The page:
By Dave Wischnowsky –
(CBS) Seemingly, it’s been years since Illini basketball last caught a break.
And then this week, when it finally did? Well, it was completely the wrong kind.
Namely, the fractured-left-hand-of-your-best-player-during-practice kind of break, which seems so terribly cruel to a struggling team and a suffering fan base, yet also so terribly Illinois.
In terms of mood, Orange is the New Blue.
Worn weary after having missed four of the past seven NCAA Tournaments and whiffing in so many high-profile recruiting battles, Illini Nation on Tuesday didn’t respond with a passionate online uproar so much as a collective sigh of resignation when the news broke that senior star Rayvonte Rice had broken his left hand and will be sidelined indefinitely (likely around a month or more) following surgery Wednesday.
It was almost as if the reaction was, “Of course he did.”
And if ever a fan base, a basketball program and, heck, an entire athletic department was in need of a win, the University of Illinois is.
But when you look at the schedule and see No. 11 Maryland as Wednesday’s opponent at State Farm Center as Illinois attempts to avoid an 0-3 Big Ten start, and then see recruiting juggernauts Kentucky and Kansas as the competition Thursday when five-star power forward Carlton Bragg announces his college destination, it’s difficult to feel optimistic.
Then again, perhaps John Groce’s Illini really are due for a break.
A good one.
As for Groce, it’s to his credit – and quite unlike a certain Illini football coach who loves to count the number of plays his team was away from winning following lopsided losses – that he hasn’t made excuses for his team’s struggles or its off-court misfortune.
On Tuesday, after announcing that leading scorer and rebounder Rice (17.2 ppg, 6.9 rpg) will be out of the lineup for several weeks, Groce said:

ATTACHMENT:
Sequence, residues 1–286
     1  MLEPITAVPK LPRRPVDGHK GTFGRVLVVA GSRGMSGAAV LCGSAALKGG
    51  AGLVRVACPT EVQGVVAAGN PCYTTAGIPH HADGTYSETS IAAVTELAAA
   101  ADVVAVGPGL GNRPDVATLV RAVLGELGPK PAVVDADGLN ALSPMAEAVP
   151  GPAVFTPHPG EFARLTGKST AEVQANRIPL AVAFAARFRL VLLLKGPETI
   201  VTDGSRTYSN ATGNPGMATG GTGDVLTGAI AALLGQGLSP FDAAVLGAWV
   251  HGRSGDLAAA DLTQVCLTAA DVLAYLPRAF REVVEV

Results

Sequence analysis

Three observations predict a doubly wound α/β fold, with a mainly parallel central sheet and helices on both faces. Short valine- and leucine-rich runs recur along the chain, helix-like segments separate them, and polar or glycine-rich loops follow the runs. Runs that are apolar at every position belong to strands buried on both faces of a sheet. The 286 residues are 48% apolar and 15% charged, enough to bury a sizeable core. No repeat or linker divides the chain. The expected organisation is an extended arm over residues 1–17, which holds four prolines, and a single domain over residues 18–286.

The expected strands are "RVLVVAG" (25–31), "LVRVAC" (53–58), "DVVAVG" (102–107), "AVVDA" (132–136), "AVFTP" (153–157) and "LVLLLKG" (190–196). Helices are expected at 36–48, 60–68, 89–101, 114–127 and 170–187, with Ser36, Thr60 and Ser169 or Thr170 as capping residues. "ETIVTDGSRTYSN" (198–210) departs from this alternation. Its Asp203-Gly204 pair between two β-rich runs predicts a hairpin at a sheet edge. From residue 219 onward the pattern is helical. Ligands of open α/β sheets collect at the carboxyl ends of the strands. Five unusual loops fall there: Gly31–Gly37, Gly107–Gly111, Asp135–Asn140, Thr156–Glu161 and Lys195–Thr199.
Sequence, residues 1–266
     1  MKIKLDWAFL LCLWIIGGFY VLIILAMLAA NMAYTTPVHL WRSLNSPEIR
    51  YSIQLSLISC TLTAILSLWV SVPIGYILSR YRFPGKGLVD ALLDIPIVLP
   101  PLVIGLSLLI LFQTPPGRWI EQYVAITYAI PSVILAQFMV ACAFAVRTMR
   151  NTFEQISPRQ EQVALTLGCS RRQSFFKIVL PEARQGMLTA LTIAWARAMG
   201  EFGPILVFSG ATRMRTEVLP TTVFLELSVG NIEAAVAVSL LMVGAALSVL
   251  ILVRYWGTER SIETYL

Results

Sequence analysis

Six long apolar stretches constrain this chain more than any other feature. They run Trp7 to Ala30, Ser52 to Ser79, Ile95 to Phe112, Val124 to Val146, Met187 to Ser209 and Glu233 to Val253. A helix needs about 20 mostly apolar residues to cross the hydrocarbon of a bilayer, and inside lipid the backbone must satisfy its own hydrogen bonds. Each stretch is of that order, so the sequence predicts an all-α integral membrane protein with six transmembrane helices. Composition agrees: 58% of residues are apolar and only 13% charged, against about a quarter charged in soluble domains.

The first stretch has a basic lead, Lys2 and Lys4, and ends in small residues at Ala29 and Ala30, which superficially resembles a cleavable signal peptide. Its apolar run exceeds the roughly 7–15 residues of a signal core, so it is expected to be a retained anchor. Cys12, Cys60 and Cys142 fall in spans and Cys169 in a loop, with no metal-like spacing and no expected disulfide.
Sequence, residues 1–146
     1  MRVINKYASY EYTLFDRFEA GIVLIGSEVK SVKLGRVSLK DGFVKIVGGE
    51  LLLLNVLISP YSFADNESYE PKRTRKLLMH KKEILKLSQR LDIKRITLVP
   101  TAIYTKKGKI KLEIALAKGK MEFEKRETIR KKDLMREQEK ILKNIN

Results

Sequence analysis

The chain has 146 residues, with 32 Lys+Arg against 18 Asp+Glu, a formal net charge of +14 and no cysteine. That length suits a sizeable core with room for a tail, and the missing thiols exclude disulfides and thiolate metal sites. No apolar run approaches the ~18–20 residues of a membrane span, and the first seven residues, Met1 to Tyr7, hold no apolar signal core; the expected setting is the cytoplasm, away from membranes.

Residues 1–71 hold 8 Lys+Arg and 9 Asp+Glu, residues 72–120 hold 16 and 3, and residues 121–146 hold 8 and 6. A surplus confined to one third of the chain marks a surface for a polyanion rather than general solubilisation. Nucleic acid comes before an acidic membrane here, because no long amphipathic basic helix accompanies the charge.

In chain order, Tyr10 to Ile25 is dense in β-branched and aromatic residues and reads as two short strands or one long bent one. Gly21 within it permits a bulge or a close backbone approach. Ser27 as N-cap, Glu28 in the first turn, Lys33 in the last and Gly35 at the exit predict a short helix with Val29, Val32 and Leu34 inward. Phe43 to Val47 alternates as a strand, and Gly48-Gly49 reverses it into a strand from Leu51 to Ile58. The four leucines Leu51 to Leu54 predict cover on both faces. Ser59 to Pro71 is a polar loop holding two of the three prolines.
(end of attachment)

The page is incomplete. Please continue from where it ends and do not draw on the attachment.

“Ray’s one of the best players in the country. He was playing at that level. Not one guy can replace Ray. It’s got to be a collective effort, and some guys are going to have to step up, and they’re going to get that opportunity and I know they’re looking forward to that opportunity; I would if I was one of those guys.
“You certainly don’t wish that upon your teammates. We love Ray and our guys really respect Ray. But at the same time, that leads to now some opportunities for other guys, and they’re going to have to step up.”
Groce told it like it is, and hopefully players such as talented sophomores Malcolm Hill and Kendrick Nunn will indeed step up, along with disappointing veteran transfers Aaron Cosby and Ahmad Starks. But for a 10-5 team that wasn’t looking much like an NCAA Tournament qualifier with Rice, it’s a longshot that the Illini will go dancing in March without him.
If Illinois does fall short of the NCAA Tournament again, it will be for the second time in three seasons under Groce, whose record in the Big Ten is a meager 15-23 entering Wednesday night’s contest. Thanks to a lackluster nonconference campaign and followed by another slow start in the league, concerns have begun percolating with many fans about Groce’s ability to outscheme top opposing coaches during the course of a game.
Considering that the Illini have squandered second-half leads in all five of their losses, those concerns have validity — although what’s somewhat ironic is that by losing Rice for an extended period, Groce will be under the microscope less because this season’s final outcome will be difficult to gauge.
Even before Rice’s injury, Groce already had lost the services of expected key contributors Tracy Abrams (ACL injury) and Darius Paul (substance-related arrest and transfer) before the season due to issues beyond his control. And now, following the fracturing of Rice’s hand, the already short-handed Illini must soldier on.
It’s their only option.